Images from Ground Zero
Captured Scenes and Remembered Moments from 'The Pile'
View a multimedia slideshow featuring the voices and photos of three Ground Zero photographers.
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Sept. 10, 2002 -- NPR Correspondent Eric Westervelt covered the terror attacks in New York City and their aftermath. A year later, the world he briefly inhabited -- the smoldering, subterranean rubble of the World Trade Center towers -- no longer exists. Here, Westervelt reflects on the scene at Ground Zero, and introduces several site workers who shared their photographs and memories.
By Eric Westervelt
"Bring two passport-size photos. And wear work clothes and boots. You know, the grubbier the better. None of that reporter wear," ironworker Mark Volpe told me over the phone. "There’s a coffee shop on Reade Street near Greenwich. Be there at 6 a.m.," he said.
A few weeks after the attacks on New York City, Volpe was agreeing to help me get an unofficial, subterranean tour of what workers called "the pile" -- the giant, still-burning mass the media had dubbed Ground Zero. The administration of then-New York Mayor Rudolph Guiliani was still keeping journalists behind barricades several blocks north of the attack site.
Without interfering with your jobs, I told Mark, the stories of workers at Ground Zero need to be told. Mark helped me do that. The former military man had his methods.
For four months, Mark directed one of the union ironworker crews. Some of them had helped build the Twin Towers more than three decades earlier. Now, they worked in 'round-the-clock shifts to cut through the eight-story-high mass of mangled steel and concrete. The dangerous and draining task eventually took on an air of the routine, workers told me.
It would never, of course, really become routine. But perhaps entertaining the fiction that it was just another job helped workers handle the enormous physical and emotional burden of working long shifts amidst the horror and carnage.
Like Volpe, Federal Emergency Management Agency (FEMA) photographers Andrea Booher and Michael Rieger took risks as they went about their difficult jobs. Neither photos, film, nor the sound and words we in radio rely on can really convey the scale of the devastation. But these photos begin to evoke the sadness, devastation and other-worldliness that was Ground Zero.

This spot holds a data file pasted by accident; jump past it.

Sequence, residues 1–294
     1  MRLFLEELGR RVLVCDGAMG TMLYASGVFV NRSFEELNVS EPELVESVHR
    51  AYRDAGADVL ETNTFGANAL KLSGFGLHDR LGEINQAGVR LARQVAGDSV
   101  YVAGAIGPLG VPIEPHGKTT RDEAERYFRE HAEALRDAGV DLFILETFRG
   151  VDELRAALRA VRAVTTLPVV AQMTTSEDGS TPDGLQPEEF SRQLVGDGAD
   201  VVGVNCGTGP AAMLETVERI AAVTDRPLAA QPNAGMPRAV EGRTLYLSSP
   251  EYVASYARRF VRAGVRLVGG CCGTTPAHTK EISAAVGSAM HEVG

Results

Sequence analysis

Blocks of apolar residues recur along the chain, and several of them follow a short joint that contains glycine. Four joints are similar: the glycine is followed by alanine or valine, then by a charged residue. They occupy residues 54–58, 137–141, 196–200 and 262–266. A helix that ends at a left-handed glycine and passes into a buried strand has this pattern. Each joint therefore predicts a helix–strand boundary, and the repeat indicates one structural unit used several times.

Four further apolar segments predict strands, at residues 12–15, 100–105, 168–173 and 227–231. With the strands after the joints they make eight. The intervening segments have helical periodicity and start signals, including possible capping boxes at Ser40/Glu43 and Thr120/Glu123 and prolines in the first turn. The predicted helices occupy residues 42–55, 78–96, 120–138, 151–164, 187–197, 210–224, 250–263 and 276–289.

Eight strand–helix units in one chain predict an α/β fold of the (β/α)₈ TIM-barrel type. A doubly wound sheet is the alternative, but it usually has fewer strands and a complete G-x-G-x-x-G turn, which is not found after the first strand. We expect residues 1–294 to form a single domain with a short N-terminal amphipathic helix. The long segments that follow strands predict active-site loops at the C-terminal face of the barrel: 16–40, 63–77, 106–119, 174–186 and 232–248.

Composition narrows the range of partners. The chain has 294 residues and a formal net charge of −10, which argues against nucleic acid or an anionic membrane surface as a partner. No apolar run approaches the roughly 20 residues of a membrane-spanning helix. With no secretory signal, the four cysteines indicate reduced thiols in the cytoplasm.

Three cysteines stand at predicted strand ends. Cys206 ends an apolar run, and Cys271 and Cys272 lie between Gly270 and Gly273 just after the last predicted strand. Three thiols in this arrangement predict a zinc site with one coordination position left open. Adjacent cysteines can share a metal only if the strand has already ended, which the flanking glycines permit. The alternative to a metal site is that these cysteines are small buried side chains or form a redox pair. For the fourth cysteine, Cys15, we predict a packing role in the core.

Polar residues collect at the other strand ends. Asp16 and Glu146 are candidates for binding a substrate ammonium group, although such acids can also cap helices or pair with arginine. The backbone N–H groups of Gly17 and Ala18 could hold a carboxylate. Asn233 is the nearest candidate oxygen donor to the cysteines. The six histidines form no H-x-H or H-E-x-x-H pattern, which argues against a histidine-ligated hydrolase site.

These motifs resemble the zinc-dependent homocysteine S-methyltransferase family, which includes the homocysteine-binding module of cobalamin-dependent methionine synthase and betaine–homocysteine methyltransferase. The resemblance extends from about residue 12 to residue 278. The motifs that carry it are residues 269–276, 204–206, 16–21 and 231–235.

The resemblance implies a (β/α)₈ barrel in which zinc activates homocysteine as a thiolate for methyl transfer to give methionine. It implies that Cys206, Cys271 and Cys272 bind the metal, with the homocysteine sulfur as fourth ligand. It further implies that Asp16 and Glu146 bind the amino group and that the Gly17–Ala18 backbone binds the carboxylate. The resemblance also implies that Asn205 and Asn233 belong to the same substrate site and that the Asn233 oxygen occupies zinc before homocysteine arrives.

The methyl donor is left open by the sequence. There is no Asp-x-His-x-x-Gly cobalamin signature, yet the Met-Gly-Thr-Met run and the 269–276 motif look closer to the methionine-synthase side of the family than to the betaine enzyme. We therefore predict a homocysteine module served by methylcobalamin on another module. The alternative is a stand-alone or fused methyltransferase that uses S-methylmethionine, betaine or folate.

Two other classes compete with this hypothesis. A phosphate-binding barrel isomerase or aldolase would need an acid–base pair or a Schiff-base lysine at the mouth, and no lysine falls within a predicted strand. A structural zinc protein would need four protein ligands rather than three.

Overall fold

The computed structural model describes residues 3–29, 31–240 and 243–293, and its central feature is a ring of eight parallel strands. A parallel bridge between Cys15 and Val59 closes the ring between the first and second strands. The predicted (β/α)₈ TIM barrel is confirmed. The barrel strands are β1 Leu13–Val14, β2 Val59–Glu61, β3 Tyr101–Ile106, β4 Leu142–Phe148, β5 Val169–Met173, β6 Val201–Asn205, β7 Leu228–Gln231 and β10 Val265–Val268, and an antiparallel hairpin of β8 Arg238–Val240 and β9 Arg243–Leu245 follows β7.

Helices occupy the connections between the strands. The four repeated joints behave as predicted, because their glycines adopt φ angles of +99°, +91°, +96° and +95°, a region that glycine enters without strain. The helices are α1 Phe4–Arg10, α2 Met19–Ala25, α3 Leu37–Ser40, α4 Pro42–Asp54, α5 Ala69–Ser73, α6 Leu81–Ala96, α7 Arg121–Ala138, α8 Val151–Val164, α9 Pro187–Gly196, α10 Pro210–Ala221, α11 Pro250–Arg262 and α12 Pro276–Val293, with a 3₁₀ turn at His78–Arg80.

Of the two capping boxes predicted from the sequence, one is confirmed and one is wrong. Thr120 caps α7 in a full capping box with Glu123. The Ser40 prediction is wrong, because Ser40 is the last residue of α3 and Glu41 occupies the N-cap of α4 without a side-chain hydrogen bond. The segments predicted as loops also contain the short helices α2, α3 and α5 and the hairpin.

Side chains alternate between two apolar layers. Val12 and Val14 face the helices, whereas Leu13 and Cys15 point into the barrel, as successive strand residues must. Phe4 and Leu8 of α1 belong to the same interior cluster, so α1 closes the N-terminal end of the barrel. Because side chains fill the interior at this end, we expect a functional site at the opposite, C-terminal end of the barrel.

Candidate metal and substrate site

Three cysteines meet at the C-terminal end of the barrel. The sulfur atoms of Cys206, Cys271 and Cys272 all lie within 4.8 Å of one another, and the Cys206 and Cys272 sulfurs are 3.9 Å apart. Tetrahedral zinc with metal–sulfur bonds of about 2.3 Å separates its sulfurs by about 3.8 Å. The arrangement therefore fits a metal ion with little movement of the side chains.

For the workers there, the word "hero" wasn't tossed around freely like it was for the police and firefighters. But these photographs and reflections remind us that, in a way, their work was just as heroic as that of the first responders. We're grateful they shared their stories and photos with NPR News.
Featured Westervelt Reports from Ground Zero:
Sept. 13, 2001 -- NPR's Eric Westervelt visits what rescue workers in New York are calling "the pile" -- the twisted rubble of the World Trade Center. Firefighters have pulled out a few survivors, and are bringing the dead to a makeshift morgue set up in a Brooks Brothers storefront.
Sept. 14, 2001 -- Rain hampers rescue workers at the World Trade Center site, who slog through muddy rubble as hope fades of finding more survivors. Fires and falling glass continue to pose safety hazards to rescuers. Meanwhile, police say they are cracking down on dozens of bomb scares, false alarms and petty looters.
Sept. 18, 2001 -- Businesses struggle to recover from the previous week's attacks on lower Manhattan. From brokerage houses to corner delis, the economic impact on New York City will have repercussions long after the cleanup ends.
Sept. 27, 2001 -- The impact of Sept. 11 has taken a serious toll on New York City's fire department. With hundreds of firefighters dead from the attacks, the force faces the future exhausted, grieving, and dangerously short-handed.
Oct. 11, 2001 -- One month after the attack on the World Trade Center, Westervelt speaks to ironworker Mark Volpe and his co-workers, who continue to comb through the smoking rubble.